Tested my kids immediately for antibodies and neither of them was positive. Now, I do notice that their bellies get bloated after a big spaghetti dinner, but it could be just me watching them a bit too closely... My oldest has asthma and multiple food allerges and while i think it is better for him not to eat gluten I am concerned that his diet is restricted as is..
1) Have you seen the results, or just got the report they were negative?
2) If it has been more than a year, they need testing again.
3) Why is is diet restricted already? perhaps losing gluten would actually help with that?
4) The enrichment issue is really moot, IF you are eating a good, well balanced diet, grains should not be a huge part of your diet.
5) Are you willing to stunt their growth?


No, I saw the results- they were unequivocally negative. My only concern with the true validity of the results was the that they were on a "semi gluten free diet" at a time meaning they were eating very little gluten and mainly in school... I am just not sure what the healthiest diet for them would be... I mean nutrition wise you cannot even begin to compare multigrain whoe wheat bread to any
gluten free bread out there... And I just feel that I am limiting ther diet by that. They have multiple food allergies already: dairy, fish, tree nuts so excluding wheat seems brutal (especially if unnecessary). My oldest son also as asthma and is the shortest kid n a class... I know thes all could point out to gluten, right?
  • 0

#7 nvsmom

 
nvsmom

    Moderator

  • Moderators
  • PipPipPipPipPipPip
  • 3,513 posts
 

Posted 08 October 2012 - 07:35 AM

I am just not sure what the healthiest diet for them would be... I mean nutrition wise you cannot even begin to compare multigrain whoe wheat bread to any
gluten free bread out there... And I just feel that I am limiting ther diet by that. They have multiple food allergies already: dairy, fish, tree nuts so excluding wheat seems brutal (especially if unnecessary). My oldest son also as asthma and is the shortest kid n a class... I know thes all could point out to gluten, right?


I think the gluten-free buns I make my kids for lunch are healthier than whole wheat buns in the store... by far. I use a microwaveable bun recipe that I found on this board and modified:

Microwave gluten-free buns
  • 2 Tbs brown rice flour
  • 1 Tbs golden flax meal
  • 3/4 Tbs coconut flour (substitute 1 Tbs almond flour if wish)
  • 1/2 tsp baking soda
  • 1/2 tsp sugar
  • dash salt
  • 1 egg
  • dash cinnamon
  • 1 tsp whey protein powder (not needed)
Grease small microwaveable (custard) dish. Beat egg. Add dry ingredients. Mix well. Scrape sides and smooth top. Microwave on high for 85-90 seconds.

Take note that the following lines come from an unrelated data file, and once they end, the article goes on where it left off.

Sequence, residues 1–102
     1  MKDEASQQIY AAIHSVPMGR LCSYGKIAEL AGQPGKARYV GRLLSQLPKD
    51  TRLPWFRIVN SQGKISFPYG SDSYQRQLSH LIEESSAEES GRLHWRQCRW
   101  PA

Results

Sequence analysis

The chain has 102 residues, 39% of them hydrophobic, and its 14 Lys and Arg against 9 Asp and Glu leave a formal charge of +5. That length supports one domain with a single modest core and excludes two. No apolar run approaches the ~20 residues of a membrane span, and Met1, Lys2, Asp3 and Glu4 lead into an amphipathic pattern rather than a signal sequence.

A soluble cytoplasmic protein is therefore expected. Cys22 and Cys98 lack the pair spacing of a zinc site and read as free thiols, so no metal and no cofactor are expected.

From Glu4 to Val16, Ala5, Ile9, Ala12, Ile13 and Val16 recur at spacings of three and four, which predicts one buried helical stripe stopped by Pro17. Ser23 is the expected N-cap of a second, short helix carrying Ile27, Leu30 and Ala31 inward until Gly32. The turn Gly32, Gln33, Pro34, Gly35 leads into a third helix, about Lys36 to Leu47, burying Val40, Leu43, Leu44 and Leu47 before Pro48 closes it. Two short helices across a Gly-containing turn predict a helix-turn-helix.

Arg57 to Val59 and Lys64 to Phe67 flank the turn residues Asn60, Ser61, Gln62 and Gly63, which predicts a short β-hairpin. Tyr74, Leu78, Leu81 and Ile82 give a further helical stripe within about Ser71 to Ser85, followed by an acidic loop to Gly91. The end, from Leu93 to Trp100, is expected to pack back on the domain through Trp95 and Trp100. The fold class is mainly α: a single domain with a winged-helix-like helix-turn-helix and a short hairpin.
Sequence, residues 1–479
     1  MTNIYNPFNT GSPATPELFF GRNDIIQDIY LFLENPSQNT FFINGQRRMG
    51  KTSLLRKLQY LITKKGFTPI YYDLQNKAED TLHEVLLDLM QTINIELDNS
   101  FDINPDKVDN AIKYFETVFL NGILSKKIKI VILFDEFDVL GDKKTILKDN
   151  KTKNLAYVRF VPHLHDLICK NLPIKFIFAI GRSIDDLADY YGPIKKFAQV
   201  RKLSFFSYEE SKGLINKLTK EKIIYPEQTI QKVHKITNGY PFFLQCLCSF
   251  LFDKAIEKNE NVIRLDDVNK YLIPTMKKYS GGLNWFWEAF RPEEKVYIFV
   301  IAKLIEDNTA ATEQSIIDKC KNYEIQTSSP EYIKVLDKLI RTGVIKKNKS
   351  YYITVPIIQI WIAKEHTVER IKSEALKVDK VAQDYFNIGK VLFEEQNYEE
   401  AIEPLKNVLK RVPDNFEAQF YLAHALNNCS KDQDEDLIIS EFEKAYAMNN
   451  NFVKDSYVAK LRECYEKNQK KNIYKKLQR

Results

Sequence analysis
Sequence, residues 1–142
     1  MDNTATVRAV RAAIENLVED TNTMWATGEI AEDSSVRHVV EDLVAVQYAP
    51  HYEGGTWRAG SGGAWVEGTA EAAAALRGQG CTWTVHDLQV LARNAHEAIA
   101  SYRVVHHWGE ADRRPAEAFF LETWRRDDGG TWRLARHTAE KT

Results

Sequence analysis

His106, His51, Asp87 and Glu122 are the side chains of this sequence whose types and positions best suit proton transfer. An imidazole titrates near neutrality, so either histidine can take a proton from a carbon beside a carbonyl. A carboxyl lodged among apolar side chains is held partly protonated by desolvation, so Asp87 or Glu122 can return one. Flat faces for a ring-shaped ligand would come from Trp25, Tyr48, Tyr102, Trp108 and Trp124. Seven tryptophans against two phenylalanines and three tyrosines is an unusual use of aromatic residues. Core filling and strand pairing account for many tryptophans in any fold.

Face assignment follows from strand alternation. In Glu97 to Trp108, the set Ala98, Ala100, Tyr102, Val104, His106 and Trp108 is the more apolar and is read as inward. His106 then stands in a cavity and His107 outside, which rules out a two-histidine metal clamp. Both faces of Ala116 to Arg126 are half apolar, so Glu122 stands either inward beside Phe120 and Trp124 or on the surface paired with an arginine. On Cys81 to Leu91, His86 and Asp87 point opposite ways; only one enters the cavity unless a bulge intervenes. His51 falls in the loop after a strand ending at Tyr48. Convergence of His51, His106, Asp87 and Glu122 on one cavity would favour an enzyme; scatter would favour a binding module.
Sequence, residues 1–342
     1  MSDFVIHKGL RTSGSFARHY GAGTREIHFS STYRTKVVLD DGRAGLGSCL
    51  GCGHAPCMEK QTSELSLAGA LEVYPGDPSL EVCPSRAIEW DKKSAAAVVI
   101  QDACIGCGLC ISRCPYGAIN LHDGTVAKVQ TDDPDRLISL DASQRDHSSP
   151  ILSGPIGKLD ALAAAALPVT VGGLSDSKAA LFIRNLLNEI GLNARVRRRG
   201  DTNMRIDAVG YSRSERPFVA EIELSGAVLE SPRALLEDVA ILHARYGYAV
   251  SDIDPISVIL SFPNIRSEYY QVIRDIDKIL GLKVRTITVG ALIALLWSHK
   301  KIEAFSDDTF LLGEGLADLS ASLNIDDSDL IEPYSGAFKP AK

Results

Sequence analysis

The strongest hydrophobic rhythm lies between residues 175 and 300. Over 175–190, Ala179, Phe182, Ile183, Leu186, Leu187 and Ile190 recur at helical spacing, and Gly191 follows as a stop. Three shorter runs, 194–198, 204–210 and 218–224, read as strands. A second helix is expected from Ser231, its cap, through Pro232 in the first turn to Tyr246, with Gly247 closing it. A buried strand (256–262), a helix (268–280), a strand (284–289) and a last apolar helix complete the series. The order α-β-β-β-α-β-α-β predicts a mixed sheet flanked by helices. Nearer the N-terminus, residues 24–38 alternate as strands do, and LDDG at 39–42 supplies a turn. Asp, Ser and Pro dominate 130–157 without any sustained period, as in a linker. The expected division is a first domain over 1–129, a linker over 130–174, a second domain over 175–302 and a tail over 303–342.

The bun has more protein and fibre than your average slice of bread. :)

Celiac can stunt growth. I stopped growing in grade six. Luckily I have HUGE people in the family so I reached a good height before stopping suddenly. I am worried about my eldest son's growth now... He too has mild asthma, allergies (like tree nuts), mild Aspergers and his growth is slowing; he used to be taller than average and now he is shorter than average. He's dropped about 50 percentiles in height. :( I'm getting his thyroid and growth hormones checked, but I'm also cutting his gluten. Conevience (wheat) foods aren't worth the chance that I'm stunting his growth by feeding him foods that don't agree with him.

Cutting out wheat, barley and rye is only cutting out three foods of thousands, that have been so genetically engineered that our great-grandparents wouldn't recognize them. It's not a huge loss. For example, do you regularly feed your family leechee nuts, mahi mahi or sea greens? That's three foods that are probably missing from your diet too... It's just that we have been so brainwashed to think wheat (and Milk) is essential to our diet by the government (who was swayed by the agricultural and dairy communities) that it's hard to let go of that idea. Dairy and agricultural lobbiests made the food pyramid as it is today... not science. We really don't need wheat, we're just so used to having it that we assume it's essential... KWIM?

I still feel that way about milk. We eat so much dairy in cheese and yogurts that I'm having a hard time cutting it out of my diet, and my son's, even though we both get stomach issues from it. I know I could live without it because drinking the milk from another animal is sort of weird if you stop to think about it (LOL), but I'm having a hard time adjusting my thinking to that way. It's just another way of thinking.

Anyway, I wish you well on the diet, and if you choose to put your family on the gluten-free diet(even as a trial) I hope you have good luck with it and get some clear answers. :)
  • 1
Nicole Posted Image

"Acceptance is the key to happiness."

ITP - 1993
Celiac - June, 2012
Hypothyroid - August, 2012

CANADIAN

Celiac.com - Celiac Disease Board Moderator

#8 MitziG

 
MitziG

    Advanced Community Member

  • Advanced Members
  • PipPipPipPipPipPip
  • 695 posts
 

Posted 08 October 2012 - 11:33 AM